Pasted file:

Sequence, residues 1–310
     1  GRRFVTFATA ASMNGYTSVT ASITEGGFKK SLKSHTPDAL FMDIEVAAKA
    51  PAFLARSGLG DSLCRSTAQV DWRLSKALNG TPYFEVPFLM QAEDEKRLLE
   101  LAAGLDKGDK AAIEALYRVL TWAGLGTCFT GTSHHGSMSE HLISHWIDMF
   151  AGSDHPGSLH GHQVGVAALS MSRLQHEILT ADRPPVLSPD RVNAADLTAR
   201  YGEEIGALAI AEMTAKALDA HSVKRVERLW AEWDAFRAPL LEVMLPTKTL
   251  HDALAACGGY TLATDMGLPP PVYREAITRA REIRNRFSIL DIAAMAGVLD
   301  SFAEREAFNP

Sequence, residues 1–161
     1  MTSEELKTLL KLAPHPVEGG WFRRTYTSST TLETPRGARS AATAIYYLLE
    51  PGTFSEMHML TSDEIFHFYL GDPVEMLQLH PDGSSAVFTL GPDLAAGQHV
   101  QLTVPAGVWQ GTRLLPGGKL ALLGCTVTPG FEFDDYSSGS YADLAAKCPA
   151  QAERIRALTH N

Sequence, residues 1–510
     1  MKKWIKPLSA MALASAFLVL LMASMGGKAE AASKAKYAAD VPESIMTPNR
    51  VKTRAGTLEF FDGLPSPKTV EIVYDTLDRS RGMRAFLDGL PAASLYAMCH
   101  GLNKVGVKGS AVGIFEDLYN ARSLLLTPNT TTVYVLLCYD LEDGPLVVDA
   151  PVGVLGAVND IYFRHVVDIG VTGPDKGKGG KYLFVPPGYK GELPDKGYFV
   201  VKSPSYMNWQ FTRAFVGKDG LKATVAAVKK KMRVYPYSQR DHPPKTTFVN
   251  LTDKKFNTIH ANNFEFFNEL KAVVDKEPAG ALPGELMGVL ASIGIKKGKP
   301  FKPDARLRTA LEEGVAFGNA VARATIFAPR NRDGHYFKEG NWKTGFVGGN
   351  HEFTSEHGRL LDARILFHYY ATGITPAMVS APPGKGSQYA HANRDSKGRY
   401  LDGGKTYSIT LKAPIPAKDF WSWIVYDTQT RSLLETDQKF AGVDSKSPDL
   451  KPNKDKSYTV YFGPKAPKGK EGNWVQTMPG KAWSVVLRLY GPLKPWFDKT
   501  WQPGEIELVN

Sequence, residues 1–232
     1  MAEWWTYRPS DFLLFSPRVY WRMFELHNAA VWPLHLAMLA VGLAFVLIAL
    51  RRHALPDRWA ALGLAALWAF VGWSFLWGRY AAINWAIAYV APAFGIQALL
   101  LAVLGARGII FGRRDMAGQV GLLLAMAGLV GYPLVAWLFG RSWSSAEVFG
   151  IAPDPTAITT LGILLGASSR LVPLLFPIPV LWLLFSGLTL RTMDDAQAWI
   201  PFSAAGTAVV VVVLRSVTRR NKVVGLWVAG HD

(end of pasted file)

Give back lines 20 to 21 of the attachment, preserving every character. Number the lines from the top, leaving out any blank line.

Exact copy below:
   251  LTDKKFNTIH ANNFEFFNEL KAVVDKEPAG ALPGELMGVL ASIGIKKGKP
   301  FKPDARLRTA LEEGVAFGNA VARATIFAPR NRDGHYFKEG NWKTGFVGGN